Federal and Oregon laws protect you from liability when you donate food in good faith.
The Good Samaritan laws were specifically designed to protect you, the donor. Donors who provide food in good faith are protected by both state and federal Good Samaritan laws that encourage donation of needed foods and protect donors.
In brief, the Oregon Good Samaritan laws (ORS Chapter 30.890 and 30.892) and the Federal Good Samaritan law (The Bill Emerson Food Donation Act) state that you cannot be held liable if you have donated food you believe to be safe and edible.
Oregon laws state that gleaners or good-faith donors of any food, apparently fit for human consumption, shall not be subject to criminal penalty or civil damages arising from the condition of the food, unless injury is caused by the gross negligence, recklessness or intentional misconduct of the donor. For information on the Good Samaritan laws, contact the Oregon Department of Agriculture, at 503-986-4720.
The federal act protects donors from liability when they donate to a nonprofit organization. It also standardizes donor liability across the nation and sets a liability floor of "gross negligence" or intentional misconduct for donated goods.
Note: Fork It Over! and Community Environmental Services are not providing legal advice and no person should rely on this information as legal advice. An entity considering food donation should consult its own legal counsel with any concerns about liability.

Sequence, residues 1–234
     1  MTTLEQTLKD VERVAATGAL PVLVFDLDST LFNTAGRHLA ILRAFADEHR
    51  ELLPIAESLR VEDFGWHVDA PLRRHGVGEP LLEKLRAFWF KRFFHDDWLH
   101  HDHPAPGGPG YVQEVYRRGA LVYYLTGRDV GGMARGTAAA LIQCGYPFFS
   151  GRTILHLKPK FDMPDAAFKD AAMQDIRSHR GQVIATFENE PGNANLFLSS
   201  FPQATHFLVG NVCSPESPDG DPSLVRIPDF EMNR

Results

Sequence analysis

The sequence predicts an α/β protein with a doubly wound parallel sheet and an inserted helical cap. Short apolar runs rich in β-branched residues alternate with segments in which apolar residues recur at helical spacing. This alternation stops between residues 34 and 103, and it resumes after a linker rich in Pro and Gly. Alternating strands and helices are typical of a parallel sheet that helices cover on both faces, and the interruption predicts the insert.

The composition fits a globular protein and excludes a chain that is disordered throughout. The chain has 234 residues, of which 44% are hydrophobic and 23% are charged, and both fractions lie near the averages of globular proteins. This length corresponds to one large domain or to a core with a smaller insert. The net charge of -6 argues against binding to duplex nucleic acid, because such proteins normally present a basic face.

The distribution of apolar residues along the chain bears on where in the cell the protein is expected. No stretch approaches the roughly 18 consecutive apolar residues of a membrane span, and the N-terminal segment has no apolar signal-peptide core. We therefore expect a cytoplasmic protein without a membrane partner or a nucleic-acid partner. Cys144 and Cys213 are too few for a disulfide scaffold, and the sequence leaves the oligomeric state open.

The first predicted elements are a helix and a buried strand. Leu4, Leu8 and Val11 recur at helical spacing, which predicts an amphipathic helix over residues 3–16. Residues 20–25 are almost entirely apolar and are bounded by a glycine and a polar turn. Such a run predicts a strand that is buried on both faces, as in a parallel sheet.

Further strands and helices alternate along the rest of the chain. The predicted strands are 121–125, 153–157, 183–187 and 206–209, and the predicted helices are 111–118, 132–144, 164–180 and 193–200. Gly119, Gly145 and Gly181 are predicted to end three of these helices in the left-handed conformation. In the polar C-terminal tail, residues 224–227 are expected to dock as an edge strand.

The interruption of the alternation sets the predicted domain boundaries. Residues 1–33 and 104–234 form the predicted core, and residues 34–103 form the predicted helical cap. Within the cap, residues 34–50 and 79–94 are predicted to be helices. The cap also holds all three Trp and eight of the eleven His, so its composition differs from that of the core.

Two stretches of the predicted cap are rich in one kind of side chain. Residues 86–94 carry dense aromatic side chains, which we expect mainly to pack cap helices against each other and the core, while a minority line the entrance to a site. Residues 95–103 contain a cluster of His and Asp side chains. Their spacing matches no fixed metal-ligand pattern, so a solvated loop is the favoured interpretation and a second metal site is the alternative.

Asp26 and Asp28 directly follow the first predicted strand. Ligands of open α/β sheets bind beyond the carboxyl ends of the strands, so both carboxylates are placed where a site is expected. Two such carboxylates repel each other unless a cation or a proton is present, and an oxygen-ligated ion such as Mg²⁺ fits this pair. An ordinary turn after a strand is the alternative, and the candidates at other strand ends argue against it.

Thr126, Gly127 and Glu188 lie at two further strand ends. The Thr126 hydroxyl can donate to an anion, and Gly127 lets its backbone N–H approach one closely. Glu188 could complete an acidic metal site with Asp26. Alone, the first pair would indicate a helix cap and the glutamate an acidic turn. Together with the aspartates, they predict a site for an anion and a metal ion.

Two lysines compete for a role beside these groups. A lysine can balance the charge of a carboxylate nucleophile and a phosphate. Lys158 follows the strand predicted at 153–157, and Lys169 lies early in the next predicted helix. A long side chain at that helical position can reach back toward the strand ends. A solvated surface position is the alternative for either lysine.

Food banks also protect their donors by enforcing strict standards of warehouse operation, proper storage and handling procedures, complete product tracking and recall capabilities, and accurate and timely receipting.
Since your staff is knowledgeable about safe food handling, it is unlikely that you will need to provide much additional training to ensure safe donation practices. For information about proper food handling, contact the Oregon Department of Human Services, Oregon Health Authority, Foodborne Illness Prevention Program, at 971-673-0451 or online.